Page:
Antibiotic resistance is becoming a larger problem in developed parts of the world such as the United States. The overuse of antibiotics has caused a sort of evolution effect to occur in certain types of bacteria. They have become much harder to kill with antibiotics, evolving into what’s been dubbed “superbugs.”
The Daily Mail reported that in little more than 30 years, antibiotic-resistance may be more deadly than cancer around the globe. At least 23,000 people in the US die of an antibiotic-resistant infection each year – and some estimates suggest it’s far more. By 2050, some projections suggest that drug resistance, in general, will claim the lives of 10 million people. That’s more than the 8.2 million that die of cancer worldwide each year.
Superbugs, or bacteria that has mutated and evolved to withstand modern medicine (antibiotics), are a growing threat worldwide. Their ever-increasing numbers are fueled by over-prescription, waste from drug manufacturing plants, antibiotic use in animals, and even international travel.
But don’t expect Big Pharma or the government to reign it in. There’s just too much money in drugs for either entity to care much about it. We’ll have to take action as a society on our own. The first step you can take is to make sure you understand what an antibiotic is for and what it cannot do. Antibiotics cannot fight viral infections such as the common cold or the flu. Talk with a doctor and get an understanding of what it is you’re fighting. Never take antibiotics for a viral infection.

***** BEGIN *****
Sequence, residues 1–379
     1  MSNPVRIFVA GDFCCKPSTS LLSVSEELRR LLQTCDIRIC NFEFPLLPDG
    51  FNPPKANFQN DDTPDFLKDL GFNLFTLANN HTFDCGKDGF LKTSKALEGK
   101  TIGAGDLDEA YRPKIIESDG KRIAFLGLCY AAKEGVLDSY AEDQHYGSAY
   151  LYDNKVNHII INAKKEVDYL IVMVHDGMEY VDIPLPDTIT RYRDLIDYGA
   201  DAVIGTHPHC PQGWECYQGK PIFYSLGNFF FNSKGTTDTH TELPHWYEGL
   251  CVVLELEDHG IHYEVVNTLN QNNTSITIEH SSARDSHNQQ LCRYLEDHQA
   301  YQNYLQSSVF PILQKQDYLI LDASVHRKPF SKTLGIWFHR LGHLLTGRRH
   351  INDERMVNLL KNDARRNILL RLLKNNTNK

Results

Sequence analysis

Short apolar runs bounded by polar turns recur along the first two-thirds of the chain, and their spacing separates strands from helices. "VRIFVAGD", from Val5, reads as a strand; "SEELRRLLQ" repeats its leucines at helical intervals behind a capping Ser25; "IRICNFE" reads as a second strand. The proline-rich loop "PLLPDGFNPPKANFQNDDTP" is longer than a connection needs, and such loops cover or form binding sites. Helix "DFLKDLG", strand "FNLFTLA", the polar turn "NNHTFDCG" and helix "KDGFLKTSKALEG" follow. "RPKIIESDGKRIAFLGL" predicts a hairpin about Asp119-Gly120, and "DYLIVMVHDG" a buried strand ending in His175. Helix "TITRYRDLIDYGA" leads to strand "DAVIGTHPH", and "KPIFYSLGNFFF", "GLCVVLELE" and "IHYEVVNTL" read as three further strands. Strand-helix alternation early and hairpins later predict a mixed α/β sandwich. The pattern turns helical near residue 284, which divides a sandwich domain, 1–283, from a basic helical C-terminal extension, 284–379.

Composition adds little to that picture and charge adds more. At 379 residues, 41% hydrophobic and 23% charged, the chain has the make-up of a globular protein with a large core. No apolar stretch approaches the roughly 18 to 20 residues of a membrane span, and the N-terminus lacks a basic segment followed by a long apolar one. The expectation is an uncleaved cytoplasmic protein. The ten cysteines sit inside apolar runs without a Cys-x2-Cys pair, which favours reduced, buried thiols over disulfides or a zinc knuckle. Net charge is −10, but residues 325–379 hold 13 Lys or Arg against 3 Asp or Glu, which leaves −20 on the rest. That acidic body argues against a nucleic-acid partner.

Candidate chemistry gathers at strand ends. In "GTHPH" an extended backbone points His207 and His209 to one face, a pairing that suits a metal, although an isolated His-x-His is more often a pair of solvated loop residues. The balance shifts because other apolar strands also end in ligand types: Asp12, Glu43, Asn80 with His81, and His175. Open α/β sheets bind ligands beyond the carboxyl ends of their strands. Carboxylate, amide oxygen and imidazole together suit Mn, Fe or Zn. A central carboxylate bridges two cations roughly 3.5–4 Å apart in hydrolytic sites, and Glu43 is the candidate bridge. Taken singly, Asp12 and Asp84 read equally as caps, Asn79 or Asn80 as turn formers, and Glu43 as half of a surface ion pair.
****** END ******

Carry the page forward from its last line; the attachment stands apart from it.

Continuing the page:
The symptoms of viral and bacterial infections are often difficult to distinguish from one another, and patients – especially the parents of pediatric patients – hate being told to go home empty-handed.
So doctors began to prescribe ‘harmless’ antibiotics to anyone with symptoms like a runny nose, a fever, and a headache, which could be caused either by a mild bacterial infection or a viral one like the common cold. –Daily Mail
Most doctors are seeing more resistant infections every day, forcing them to resort to more powerful drugs of last resort or simply to lose patients, the Daily Mail reports.
“You can still walk into pharmacies around the world and buy antibiotics, including colistin,” a powerful broad-spectrum drug with dangerous side effects that is sometimes used to treat resistant infections, says Dr. Jason Newland, a Washington University St Louis pediatrician, and antimicrobial stewardship specialist.
“It’s one of the major drivers [of antibiotic resistance], that if you want an antibiotic, you could go to India right now and buy it and use it inappropriately,” said Newland.
The rise of superbugs is not unprecedented, however, it shouldn’t be overlooked either. Keeping yourself healthy through good nutrition and exercise just might be the simple short term answer. But evaluation of medical and prescription drug procedures should occur as well if any useful correction to this problem is to made